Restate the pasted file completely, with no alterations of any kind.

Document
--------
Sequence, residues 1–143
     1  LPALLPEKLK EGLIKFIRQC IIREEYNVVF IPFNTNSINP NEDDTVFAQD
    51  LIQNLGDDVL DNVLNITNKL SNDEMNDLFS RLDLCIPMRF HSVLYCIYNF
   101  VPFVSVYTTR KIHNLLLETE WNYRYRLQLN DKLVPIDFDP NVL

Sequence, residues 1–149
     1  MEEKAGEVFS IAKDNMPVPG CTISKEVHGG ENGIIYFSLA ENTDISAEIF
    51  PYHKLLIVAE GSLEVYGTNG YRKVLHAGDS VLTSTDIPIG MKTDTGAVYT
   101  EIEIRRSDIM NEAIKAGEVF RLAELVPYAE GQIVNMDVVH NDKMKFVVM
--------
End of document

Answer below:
Sequence, residues 1–143
     1  LPALLPEKLK EGLIKFIRQC IIREEYNVVF IPFNTNSINP NEDDTVFAQD
    51  LIQNLGDDVL DNVLNITNKL SNDEMNDLFS RLDLCIPMRF HSVLYCIYNF
   101  VPFVSVYTTR KIHNLLLETE WNYRYRLQLN DKLVPIDFDP NVL

Sequence, residues 1–149
     1  MEEKAGEVFS IAKDNMPVPG CTISKEVHGG ENGIIYFSLA ENTDISAEIF
    51  PYHKLLIVAE GSLEVYGTNG YRKVLHAGDS VLTSTDIPIG MKTDTGAVYT
   101  EIEIRRSDIM NEAIKAGEVF RLAELVPYAE GQIVNMDVVH NDKMKFVVM